Fad T, T-Bucket, Bucket T, even “fab” T (as in fabulous) are all popular terms describing the incredibly popular Model T-based hot rods we know and love.
To start, here’s the definition of Fad T from no less an authority than the “Ultimate Hot Rod Dictionary: A-Bombs to Zoomies” by Jeff Breitenstein:
fad T (also fad car) n. Any T-bucket roadster constructed entirely from new, prefabricated components, including a reproduction fiberglass body. The first aftermarket fiberglass roadster bodies featured in hot rodding and street rodding applications were introduced (notably by Cal Automotive) in the late 1950s. From the early to mid-1960s, T-bucket roadster kits gained in sophistication and completeness; the resulting fad-T trend peaked in popularity in the late 1960s and has maintained moderate favor to the present. Fad-Ts offer the advantages of simpler construction and lower initial cost when compared with other street rod types, but are sometimes discounted by rodders who prefer genuine vintage tin bodies and components.
Tex Smith coins Fad T to describe T-Bucket
I’ll put a stake in the ground and say that the term fad T was first used in print by the legendary hot rod writer and builder LeRoi “Tex” Smith in the July 1964 edition of Rod & Custom magazine (which coincidentally featured Bill Schmidt’s awesome ’24 T-Bucket on the cover). Fresh from building the innovative XR6, which was crowned America’s Most Beautiful Roadster at the 1963 Oakland Roadster Show, perhaps no other person at the time was better qualified to write a story on “Trends in Roadster Styling”. In comparing “traditional” roadsters and modern roadsters, Tex noted that:
“(The modern) category also takes into account the ‘fad’ cars, as they have come to be known. These are the ‘kookie’ cars that have become the rage in various sections of the country. In the early days of hot rodding they were called modifieds. They consist of an engine, frame, four wheels and a body. And not much else. They are generally of the bobtailed version, using a ’23 glass Model T body set at a rakish angle on channel iron frame rails. The engine is very much out of doors, with outside drag headers modified (usually plugged) to feed the exhaust through stock mufflers under the body. Stock height windshields and tops add to the strange illusion of great height of these styles.
Although the kookie cars are never identical in every respect, they do look the same. Thus the tab of ‘fad’ cars by the more traditional builders.
These cars are really quite easy to build, especially since they have become so popular. There are several major speed companies now offering complete kits for building such a car, which makes them even more reasonable. They also make ideal show machines, as they catch the fancy of the general public. However, unlike the other categories, they are not the greatest for highway cruising. Much fun around town, though. Many West Coast builders are now even chauffering two cars, a kookie machine and one of the other approaches.”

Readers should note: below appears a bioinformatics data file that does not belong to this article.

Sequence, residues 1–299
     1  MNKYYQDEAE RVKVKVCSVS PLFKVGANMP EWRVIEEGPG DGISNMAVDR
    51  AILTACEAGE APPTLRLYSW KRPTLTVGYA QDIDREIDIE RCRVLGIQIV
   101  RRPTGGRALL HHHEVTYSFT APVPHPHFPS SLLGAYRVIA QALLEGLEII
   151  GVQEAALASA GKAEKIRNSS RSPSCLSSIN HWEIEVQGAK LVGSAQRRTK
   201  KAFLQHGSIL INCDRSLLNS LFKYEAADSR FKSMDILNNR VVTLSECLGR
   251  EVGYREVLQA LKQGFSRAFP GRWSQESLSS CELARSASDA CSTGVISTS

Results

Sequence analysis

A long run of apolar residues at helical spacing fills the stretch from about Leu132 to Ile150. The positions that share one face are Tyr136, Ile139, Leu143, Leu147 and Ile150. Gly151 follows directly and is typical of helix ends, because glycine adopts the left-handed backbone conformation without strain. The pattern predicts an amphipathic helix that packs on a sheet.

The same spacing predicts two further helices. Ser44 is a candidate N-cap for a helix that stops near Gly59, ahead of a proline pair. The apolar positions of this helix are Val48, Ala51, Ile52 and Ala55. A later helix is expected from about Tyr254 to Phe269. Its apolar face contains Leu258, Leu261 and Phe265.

Shortly thereafter, Tex reinforced the fad term in his “Hot Rods Down Under” story in the October, 1965 Car Craft by commenting on a photo of a particularly cool looking Aussie T-Bucket that “the fad roadster is a natural for Australia (and) creates a big gathering at the few custom shows now produced.”
Then, in the February, 1966 issue of Popular Hot Rodding in his story about the Marasco brothers’ hot rods Tex kept the term alive by writing, “Fred had wanted to build a small fenderless ‘T’ bucket ‘fad’ car for a long time, and Dave’s masterpiece just whetted the desire.”
The T-Bucket had so rapidly become a popular hot rod by the mid-60s that the following year the National Automobile Dealers Association (NADA) used a T-Bucket in its ads (see photo above) recruiting young men (and women) to pursue careers in the retail automobile business.
Tex knew T-Buckets and Fad T’s
Tex really knew what he was talking about. In later describing how the XR6 was conceived, he said, “I had been using a lot of drawings from artist Steve Swaja, a student at the time at the nearby Art Center. One day I asked if he could design a roadster project for me, using a combination ’23/’27 Model T body and a race car nose. This was the drawing that we used as the project was introduced in Hot Rod. Curt Hamilton and Bud Lang had recently begun producing the first fiberglass replicas of the Model T bodies, mostly for drag cars. Their company was called Cal Automotive. Curt made me up a ’27 cowl mated to an upswept ’23 rear portion.” However, this design concept swiftly changed when Tex received a phone call that a major model car company was willing to pay for the whole project if it was really far out. The rest is T-Bucket hot rod history.
Sixty years later, T-Buckets remain popular as economic, simple, fun hot rods. A fad is supposed to disappear after a short while, so you really can’t call the T-Bucket a Fad T any longer. It’s probably more of a Trend T and it could even be argued a Traditional T — but that’s a story for another day.